The last most common mistake in understanding Revelation is misunderstanding the genre. “Genre” is an unusual word that means: “a special type or style,” in this case a special style of writing. Revelation is apocalyptic prophecy. Apocalypse is a special style of writing most popular from BC 200 to AD 100.
Apocalyptic writing has two characteristics that are especially important for understanding Revelation.
1) Apocalyptic writing often moves in a circular or cyclical motion around repeated themes. Apocalyptic writings do not usually move logically from step one to step two to step three. They are like a fly circling around a piece of bread looking for a good place to land.
Let me give you an example. Sarah and I have different walking styles. When I walk, I want to go somewhere. I want to get on a mountain or on a trail and make visible progress. Sarah, on the other hand, is very happy to walk around track. She likes just going around and around the same track, seeing the same things again and again. You might say that Sarah is an apocalyptic walker.
What this means is that we cannot draw a timeline from the events in Revelation. John describes the same events again and again from different angles using different images. For example, in Revelation 6:14 it says, “And the sky was rolled up like a scroll and taken away. And all of the mountains and all of the islands disappeared.” But a few chapters later in 8:10, “The third angel blew his trumpet, and a great flaming star fell out of the sky like a burning torch.” I thought the sky was taken away! How did a star fall out of it? And again in 16:20 it says, “And every island disappeared, and all of the mountains were leveled.” Didn’t they already disappear? Did they reappear and disappear again? It sounds like God is turning a switch on and off: “Mountains and islands, poof! … No mountains and islands, poof! … he, he, he. That’ll really freak ‘em out!”
If we are reading Revelation like a straight line, this and other repetitions create serious problems for understanding. But if we let Revelation be what it is, apocalyptic writing which works in thematic cycles, then the repetition stats to make sense. It is like John is flying a small plane around a big mountain, slowly moving up to the peak. Each time he flies around we see that side of the mountain from a slightly different angle, but it’s still the same mountain, and we’re still getting closer to the same peak.
2) The second important point about apocalyptic writing is that it uses emotional images not code language. John talks about some very weird things in Revelation: a lion with six wings with eyes all over, a Lamb with seven horns and seven eyes, riders on different color horses, beasts and dragons and world wide battles – and that’s just getting started.
Down through the centuries, Christians have tried to identify what each of these symbolic expressions mean. The Beast is this. The seal is that. The mark is this. Looking for a one-to-one relationship of images with real events or persons misunderstands John’s method. John uses words like Picasso used paint. Picasso’s obscure pictures with upside down heads and rearranged arms don’t relate directly to reality. He is trying to create an emotional impact on the person looking at his work. In a similar way, John uses shocking word pictures to make an emotional impact on his readers (or hearers).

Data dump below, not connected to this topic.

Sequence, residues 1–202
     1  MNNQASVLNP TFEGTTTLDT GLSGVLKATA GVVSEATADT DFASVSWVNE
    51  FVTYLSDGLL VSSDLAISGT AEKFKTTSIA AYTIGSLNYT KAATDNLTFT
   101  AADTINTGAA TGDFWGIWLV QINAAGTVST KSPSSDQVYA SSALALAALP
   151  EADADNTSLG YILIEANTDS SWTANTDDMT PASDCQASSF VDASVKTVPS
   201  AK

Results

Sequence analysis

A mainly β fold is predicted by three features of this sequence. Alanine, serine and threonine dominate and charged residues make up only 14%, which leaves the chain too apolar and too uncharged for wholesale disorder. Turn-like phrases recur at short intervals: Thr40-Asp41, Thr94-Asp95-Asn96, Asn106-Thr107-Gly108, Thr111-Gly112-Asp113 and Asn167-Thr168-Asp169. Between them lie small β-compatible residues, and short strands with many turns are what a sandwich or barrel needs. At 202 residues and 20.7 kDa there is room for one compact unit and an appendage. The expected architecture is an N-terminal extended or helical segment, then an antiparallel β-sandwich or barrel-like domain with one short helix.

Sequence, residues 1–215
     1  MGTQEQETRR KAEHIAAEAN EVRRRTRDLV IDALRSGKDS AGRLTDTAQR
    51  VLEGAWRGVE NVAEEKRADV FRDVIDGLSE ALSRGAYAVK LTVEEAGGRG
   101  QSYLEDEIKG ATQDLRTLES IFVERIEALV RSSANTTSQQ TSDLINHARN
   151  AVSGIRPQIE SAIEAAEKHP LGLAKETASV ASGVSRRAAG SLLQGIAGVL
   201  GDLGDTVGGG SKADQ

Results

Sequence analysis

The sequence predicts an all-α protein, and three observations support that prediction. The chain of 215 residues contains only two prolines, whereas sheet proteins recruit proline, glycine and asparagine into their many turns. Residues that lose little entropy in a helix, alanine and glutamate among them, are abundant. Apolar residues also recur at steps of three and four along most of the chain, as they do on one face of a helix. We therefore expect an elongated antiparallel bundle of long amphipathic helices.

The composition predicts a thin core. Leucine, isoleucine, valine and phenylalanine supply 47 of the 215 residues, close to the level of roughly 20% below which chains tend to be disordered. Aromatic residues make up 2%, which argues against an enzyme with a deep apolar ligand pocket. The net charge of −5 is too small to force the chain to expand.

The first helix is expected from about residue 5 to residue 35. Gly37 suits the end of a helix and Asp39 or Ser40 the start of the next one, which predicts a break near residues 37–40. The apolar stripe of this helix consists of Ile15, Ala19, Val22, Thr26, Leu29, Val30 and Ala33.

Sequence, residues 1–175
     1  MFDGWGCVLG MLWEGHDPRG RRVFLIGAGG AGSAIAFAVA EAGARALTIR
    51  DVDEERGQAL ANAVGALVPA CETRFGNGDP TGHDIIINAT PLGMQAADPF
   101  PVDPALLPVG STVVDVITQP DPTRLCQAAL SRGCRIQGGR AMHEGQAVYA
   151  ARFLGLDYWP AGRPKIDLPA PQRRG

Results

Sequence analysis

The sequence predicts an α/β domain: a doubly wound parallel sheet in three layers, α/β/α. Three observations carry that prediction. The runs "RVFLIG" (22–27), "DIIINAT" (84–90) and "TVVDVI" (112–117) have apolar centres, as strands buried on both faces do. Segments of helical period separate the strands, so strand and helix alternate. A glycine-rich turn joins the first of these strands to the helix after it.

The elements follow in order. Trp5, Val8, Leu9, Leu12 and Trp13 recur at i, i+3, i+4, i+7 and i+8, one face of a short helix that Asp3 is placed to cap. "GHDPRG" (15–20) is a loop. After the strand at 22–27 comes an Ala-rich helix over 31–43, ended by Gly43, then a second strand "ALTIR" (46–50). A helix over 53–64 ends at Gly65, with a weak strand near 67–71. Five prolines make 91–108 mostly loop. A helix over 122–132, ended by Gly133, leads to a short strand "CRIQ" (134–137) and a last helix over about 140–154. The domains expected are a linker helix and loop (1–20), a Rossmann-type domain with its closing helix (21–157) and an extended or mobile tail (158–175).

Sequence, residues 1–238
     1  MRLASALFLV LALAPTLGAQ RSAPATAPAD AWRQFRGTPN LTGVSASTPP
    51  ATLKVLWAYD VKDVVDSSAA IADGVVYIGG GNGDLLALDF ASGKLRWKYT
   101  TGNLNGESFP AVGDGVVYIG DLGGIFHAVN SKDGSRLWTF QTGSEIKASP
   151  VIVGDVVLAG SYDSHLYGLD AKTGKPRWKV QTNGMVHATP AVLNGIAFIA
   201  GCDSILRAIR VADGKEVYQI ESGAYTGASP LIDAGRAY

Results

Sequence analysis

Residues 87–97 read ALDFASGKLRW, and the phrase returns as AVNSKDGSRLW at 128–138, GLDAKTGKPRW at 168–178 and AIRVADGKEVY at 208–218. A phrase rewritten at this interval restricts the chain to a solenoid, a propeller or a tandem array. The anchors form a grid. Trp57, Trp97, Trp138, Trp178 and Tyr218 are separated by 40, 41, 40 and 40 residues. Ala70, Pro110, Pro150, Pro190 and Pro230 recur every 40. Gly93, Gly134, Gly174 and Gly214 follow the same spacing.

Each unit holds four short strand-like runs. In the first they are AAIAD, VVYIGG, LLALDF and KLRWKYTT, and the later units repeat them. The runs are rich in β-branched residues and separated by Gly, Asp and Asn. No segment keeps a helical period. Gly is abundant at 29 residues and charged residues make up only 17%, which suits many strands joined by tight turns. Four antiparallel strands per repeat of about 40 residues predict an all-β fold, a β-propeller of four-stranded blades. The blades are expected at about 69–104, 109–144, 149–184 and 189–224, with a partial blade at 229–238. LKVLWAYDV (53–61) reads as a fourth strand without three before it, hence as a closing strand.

I remember the poems of one my roommates in college. He was a long-haired singer in a hardcore rock band, and when he wrote poetry about the pain in his life it was vivid. I remember one particular poem went something like this: “crawling over broken, bloody glass … screaming into the night, my throat bleeds.” There was no one-to-one literal relationship for his images. He was just trying to express with word pictures how he was feeling. The poems definitely made an impact on me.
John is using similar word pictures to make an emotional impact on his readers as he moves round and round the same themes, building up to a climax toward the end of the book. There can be no timelines or codes to break the symbols of Revelation.
If this is true, and if teachers and preachers usually “get it right” on other books of the Bible, why do Christians usually miss it on Revelation? Dan Boone suggests we miss the boat on Revelation because of our desire for control. We believe if we study hard enough, we can know everything. Once we know it, we can control it or manage it or at least prepare for it. We want to have a detailed map of the future, so we go looking for what we want in Revelation.
If many good Christians through the centuries have gotten it wrong, and if popular Christianity often gets it wrong today, how can we get Revelation right? Basically, we need to let Revelation speak for itself within its own context.
That is what we’re going to try to do as we study this book. When we let Revelation speak for itself, we will see one basic message: Jesus Christ is the King of the universe, and his Kingdom is coming to earth despite the apparent power of the kingdoms of this earth. Jesus’ Kingdom gains victory through defeat (like dying on the cross or dying as a martyr), but through all the struggle, God is in control. Through it all and beyond it all, we will learn to worship God in Jesus Christ as our beautiful, redeeming King. Therefore, we can have an unshakable hope no matter what happens in this world. Jesus is King, and Jesus is coming to establish his Kingdom with his people.
So, church, don’t be a Chicken Little. The sky is not falling, yet. And don’t be chicken (afraid). Read Revelation for yourself. Read it, and live with deep hope and courage. For Jesus is King, and he is coming to establish his Kingdom.
As we read and study, we will be blessed. In fact, we are already a blessed community. For Jesus is King, and he is coming to establish his Kingdom in us. “Give to him everlasting glory! He rules forever and ever! Amen!” (Revelation 1:6).